The software was all it said it was and more. You could customize it to the nth degree- both hardware and software uses. It added functionality to my already installed peripherals. And the ability to light up regions on the keyboard in different colors based on the game profile- it made me think of using my keyboard more and my G13 less.
The keys are strangely shaped, but I became used to it quickly- they have a beveled area in the center of the key, which really helps to increase my typing speed strangely enough, and give feedback that my finger is positioned in the key. The switches themselves, I didn't notice much difference between them and cherry MX brown keys. They do have an o-ring around each key, which gives a bit of dead space when the key is clicked, which I don't really like as I love the clickiness of mechanical keyboards, but I got used to it.
It seemed the perfect keyboard, but as time went on, I began to become less enamored. It was more a function of the software update rather than the keyboard itself however.
As I stated, you can program the game to respond to the profile that you have loaded, and color keys according to that profile. But in the case that you aren't gaming, you have to go into the software and switch it from profile lighting scheme to another scheme, or all of your keys won't be lit-up. An annoyance, but with the SDK I knew I could program something that would take care of this, and it was pretty well detailed and simple, even if I was going to have to do a refresher on LUA as the scripting language uses it.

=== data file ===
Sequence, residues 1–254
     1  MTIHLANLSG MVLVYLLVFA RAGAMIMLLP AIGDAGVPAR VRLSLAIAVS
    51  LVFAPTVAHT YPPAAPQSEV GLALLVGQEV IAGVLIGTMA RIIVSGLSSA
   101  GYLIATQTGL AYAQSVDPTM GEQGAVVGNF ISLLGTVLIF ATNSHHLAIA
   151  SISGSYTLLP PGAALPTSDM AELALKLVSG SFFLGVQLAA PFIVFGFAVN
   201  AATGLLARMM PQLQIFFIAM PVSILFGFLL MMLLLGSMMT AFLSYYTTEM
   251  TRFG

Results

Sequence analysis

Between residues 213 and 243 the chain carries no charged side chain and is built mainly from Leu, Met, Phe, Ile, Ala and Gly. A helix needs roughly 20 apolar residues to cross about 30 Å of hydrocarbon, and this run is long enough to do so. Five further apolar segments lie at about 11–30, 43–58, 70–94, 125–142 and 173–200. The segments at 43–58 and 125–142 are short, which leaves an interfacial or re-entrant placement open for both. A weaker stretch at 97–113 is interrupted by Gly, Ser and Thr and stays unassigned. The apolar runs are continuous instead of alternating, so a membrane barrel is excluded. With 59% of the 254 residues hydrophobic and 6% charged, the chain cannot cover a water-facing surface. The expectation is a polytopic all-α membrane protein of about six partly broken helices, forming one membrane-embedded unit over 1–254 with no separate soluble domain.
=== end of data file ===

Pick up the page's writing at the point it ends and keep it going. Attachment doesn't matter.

The larger issue was the memory usage/footprint. Normally it ranges around 40M to 70M or so with the UI open for LCore.exe- the main program. I was playing a game, and the game was all of a sudden responding less after an extended gaming session. The LCore process was using 4GB(!) of RAM. I found several references, both on their forums and on other outlets to this- it has been a problem since build 145 was released last year. One was even in a review, though it didn't affect the final score as "they have to fix it at some point". Apparently not, as they've barely acknowledged it, and refer you to a user workaround, which is a stopgap measure, and disables the use of the Arx control and resets your lighting profiles each time you use it.
I've also tried my own workarounds- one was using Process Governor (great app, by the way) to limit the amount of memory that it could allocate. I figured it would catch it, close, and I could just restart it. It doesn't handle out of memory exceptions at all, and crashed my computer 3x before I gave up on that approach. So I tried to create a batch file that would use pskill to kill it on demand, and then restart it. Apparently, after restarting it, the memory leak is even worse, because I've noticed that actually starting the process, I can watch it gobble memory. As a last resort, I coded something to use the memory level to trigger the restart, but that's when I found out how bad the memory leak actually was- once it starts getting higher in usage, the scale of memory loss is not a standard progression, and so it would shoot past my set limit before I could do anything about it.
I really love the keyboard. But the software is killing it. I'm comntemplating whether to return it (it was a gift, so doing so involves more than just taking it back), or just hoping that they fix the software eventually. My personal verdict? Give it a pass for now.
Reference to threads: